What I dislike about Sponsored Reviews is the advertisers take too long to approve or disapprove your bid. I bidded for 9 opportunities since 5 days ago and so far only got 1 rejected. The other 8… the advertisers are still sitting on it. Probably the quality of advertisers isn’t as good as those from ReviewMe which usually promptly approves your review.

    I guess one improvement Sponsored Reviews could make would be to allow bloggers to write some sort of sales pitch to the advertisers to aid them in making a decision whether to accept a bid. And if more advertisers are actively accepting bids, the chances for Sponsored Reviews to earn more can be improved.

  20. says

    I find something missing from this post, for me at least. You’ve told me what the system is about, what it does, what the competition is like. But for some reason, I still feel a little bit left in the dark. I mean, seriously, what’s in it for me? I can write niche marketing articles all day long about marketing, advertising and building web sites, but when it comes down to it, why would I want to get paid to review a web site? How many of them require you to give a positive rating? How many of them require you to write at least 500 words? I saw the part where you could bid $5 for the post. That seems a little low to me. I make more money writing articles and I get more referrals that way as well. So what’s in it for us when we do this? Obviously you’re very popular but for someone who doesn’t blog full time, this could be a waste of valuable cash-earnings time, which I think all of us need more, not less of, when we’re working from home. Don’t you think?

    • says

      Some people just use the link in my sidebar, other people use my contact form and offer me samples to test.
      Others use the Sponsored Reviews or ReviewMe service

      I only review stuff that is of interest to my audience and generally I need to be able to turn the review into some kind of cornerstone content.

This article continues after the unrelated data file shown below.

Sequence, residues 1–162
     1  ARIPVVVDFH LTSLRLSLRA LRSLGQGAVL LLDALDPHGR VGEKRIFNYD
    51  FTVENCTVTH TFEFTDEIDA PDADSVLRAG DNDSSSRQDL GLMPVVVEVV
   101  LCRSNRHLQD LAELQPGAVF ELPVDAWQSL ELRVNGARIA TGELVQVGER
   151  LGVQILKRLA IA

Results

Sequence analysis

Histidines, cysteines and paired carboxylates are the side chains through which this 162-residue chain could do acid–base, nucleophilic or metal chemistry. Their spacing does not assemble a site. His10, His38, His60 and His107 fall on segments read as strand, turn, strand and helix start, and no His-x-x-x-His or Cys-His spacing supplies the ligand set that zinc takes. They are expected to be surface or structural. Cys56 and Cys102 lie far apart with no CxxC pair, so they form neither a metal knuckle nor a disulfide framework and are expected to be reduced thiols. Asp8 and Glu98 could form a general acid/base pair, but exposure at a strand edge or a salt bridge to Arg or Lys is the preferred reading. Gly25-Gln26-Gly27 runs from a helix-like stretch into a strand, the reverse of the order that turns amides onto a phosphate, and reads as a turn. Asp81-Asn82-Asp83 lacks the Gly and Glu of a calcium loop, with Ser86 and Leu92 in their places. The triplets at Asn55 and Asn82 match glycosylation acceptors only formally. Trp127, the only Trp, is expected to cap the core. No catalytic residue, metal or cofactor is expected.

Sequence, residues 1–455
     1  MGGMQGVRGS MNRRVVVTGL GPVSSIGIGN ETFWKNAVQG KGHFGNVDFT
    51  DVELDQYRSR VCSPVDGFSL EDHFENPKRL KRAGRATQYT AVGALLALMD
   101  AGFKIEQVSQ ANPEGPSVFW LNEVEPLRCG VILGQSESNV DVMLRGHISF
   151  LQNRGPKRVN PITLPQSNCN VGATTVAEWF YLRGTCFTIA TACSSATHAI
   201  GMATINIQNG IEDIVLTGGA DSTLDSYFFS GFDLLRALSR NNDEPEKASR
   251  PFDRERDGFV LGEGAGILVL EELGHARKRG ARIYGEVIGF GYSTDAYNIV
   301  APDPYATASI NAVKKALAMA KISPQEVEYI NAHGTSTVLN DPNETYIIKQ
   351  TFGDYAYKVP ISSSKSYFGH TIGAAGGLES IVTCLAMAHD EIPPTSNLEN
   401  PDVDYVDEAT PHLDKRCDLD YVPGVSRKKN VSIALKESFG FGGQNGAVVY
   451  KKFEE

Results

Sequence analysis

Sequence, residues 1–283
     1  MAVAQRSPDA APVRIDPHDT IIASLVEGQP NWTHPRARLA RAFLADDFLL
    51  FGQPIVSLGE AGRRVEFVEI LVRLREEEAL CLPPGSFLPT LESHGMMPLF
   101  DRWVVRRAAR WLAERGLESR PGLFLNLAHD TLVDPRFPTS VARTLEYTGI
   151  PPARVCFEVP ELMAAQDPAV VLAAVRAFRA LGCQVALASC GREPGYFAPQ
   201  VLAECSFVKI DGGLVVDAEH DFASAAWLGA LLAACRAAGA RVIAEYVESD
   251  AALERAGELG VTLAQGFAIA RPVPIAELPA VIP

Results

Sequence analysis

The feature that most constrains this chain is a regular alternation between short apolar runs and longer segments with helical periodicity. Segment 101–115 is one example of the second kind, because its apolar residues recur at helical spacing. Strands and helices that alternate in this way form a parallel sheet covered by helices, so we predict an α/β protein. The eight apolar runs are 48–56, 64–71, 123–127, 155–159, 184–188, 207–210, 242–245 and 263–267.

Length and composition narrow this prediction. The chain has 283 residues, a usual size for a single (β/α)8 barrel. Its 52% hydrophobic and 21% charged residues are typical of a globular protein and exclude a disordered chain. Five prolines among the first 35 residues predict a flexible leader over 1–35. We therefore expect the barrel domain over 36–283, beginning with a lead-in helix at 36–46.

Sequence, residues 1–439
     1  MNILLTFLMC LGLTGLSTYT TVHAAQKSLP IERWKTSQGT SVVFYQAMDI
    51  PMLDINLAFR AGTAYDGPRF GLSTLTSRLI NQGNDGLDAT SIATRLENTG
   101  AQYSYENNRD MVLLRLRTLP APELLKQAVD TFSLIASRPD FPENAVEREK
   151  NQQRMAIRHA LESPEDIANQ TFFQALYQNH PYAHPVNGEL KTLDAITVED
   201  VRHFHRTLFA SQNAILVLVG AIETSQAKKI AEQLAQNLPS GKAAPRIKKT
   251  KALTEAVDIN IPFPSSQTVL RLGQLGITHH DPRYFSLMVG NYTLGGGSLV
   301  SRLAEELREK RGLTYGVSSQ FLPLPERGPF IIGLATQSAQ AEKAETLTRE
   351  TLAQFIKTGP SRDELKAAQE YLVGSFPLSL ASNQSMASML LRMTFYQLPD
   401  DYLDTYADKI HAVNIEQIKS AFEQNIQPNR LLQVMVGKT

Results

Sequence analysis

Despite what is stated in the PayPerPost interface, reviews cannot be requested to be positive in tone, though I don’t accept reviews to then totally slam them. Expect warranted constructive criticism and advice.

      Links are editorial, not guaranteed.

  21. says

    “there are methods to negotiate prices for reviews to have a win/win situation” So care to tell us more about your negotiation for the review Andy? ;o) I’d be fascinated to hear how you determined what value you offer to would be advertisers, and how you persude prospects.

    • says

      Actually most people don’t bother, they accept your price. I don’t initiate negotiations for reviews with potential advertisers.

      When someone orders a review through Sponsored Reviews, often they also contact me by email. Very few of requested reviews actually happen, I am very selective, and don’t write reviews for a living.

  22. art gift portraits says

    We have tried to outsource this kind of work or service to some people. What we usually expect is a positive review. Do you ever give a negative review or something against?

    If we request a review for our site or for one of our products, will you include some of the url or anchor text that we will give you? Do you think that’s possible or should we just leave it all to you?

    • says

      All reviews I now write are blocked by robots.txt

      That doesn’t mean they won’t rank in the search results, but it does mean that unless the content is syndicated (which does happen) you won’t benefit from anchor text links.

      My philosophy on editorial links is the same, if you request specific linking, I am more likely to refuse to review your product, and I am extremely careful over what products I review so that they are suitable for my audience.